Xenobiotic metabolism and its physiological consequences in high‑Antarctic Notothenioid fishes
Journal article, Peer reviewed
MetadataShow full item record
Original versionPolar Biology. 2022, 45, 345-358. 10.1007/s00300-021-02992-4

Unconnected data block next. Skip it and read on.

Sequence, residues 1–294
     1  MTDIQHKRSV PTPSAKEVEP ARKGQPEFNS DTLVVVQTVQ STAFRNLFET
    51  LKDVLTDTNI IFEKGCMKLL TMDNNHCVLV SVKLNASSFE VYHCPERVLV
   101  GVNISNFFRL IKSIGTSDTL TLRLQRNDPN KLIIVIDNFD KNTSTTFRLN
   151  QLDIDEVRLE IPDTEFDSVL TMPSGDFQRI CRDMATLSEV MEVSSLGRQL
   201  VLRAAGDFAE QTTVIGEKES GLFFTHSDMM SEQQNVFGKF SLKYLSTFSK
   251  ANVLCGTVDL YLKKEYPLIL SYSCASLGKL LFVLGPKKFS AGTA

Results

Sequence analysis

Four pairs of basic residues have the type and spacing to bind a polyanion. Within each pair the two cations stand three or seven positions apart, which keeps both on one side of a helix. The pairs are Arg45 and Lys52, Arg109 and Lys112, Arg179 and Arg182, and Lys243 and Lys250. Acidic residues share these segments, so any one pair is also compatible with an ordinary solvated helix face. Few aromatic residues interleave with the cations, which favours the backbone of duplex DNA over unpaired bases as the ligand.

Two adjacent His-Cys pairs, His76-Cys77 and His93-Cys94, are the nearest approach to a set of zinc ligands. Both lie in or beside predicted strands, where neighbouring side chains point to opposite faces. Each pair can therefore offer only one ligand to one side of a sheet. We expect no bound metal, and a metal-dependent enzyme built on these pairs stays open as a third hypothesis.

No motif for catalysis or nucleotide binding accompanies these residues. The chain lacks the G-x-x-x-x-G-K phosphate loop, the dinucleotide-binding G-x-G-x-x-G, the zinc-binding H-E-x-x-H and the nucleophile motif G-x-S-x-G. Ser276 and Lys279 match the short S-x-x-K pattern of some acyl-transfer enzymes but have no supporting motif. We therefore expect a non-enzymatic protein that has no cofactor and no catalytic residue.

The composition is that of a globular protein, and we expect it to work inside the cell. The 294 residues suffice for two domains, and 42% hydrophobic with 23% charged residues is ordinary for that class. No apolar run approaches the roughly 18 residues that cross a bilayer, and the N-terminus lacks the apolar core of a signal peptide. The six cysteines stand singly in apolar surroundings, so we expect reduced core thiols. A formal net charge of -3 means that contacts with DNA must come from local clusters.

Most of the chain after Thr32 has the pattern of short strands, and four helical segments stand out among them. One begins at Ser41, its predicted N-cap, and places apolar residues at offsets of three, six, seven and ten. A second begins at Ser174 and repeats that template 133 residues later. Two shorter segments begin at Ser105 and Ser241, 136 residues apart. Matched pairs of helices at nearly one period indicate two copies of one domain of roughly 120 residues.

The Antarctic ecosystem is progressively exposed to anthropogenic contaminants, such as polycyclic aromatic hydrocarbons (PAHs). So far, it is largely unknown if PAHs leave a mark in the physiology of high-Antarctic fish. We approached this issue via two avenues: first, we examined the functional response of the aryl hydrocarbon receptor (Ahr), which is a molecular initiating event of many toxic effects of PAHs in biota. Chionodraco hamatus and Trematomus loennbergii served as representatives for high-Antarctic Notothenioids, and Atlantic cod, Gadus morhua as non-polar reference species. We sequenced and cloned the Ahr ligand binding domain (LBD) of the Notothenioids and deployed a GAL4-based luciferase reporter gene assay expressing the Ahr LBD. Benzo[a]pyrene (BaP), beta-naphthoflavone and chrysene were used as ligands for the reporter gene assay. Second, we investigated the energetic costs of Ahr activation in isolated liver cells of the Notothenioids during acute, non-cytotoxic BaP exposure. In the reporter assay, the Ahr LBD of Atlantic cod and the Antarctic Notothenioids were activated by the ligands tested herein. In the in vitro assays with isolated liver cells of high-Antarctic Notothenioids, BaP exposure had no effect on overall respiration, but caused shifts in the respiration dedicated to protein synthesis. Thus, our study demonstrated that high-Antarctic fish possess a functional Ahr that can be ligand-activated in a concentration-dependent manner by environmental contaminants. This is associated with altered cost for cellular protein synthesis. Future studies have to show if the toxicant-induced activation of the Ahr pathway may lead to altered organism performance of Antarctic fish.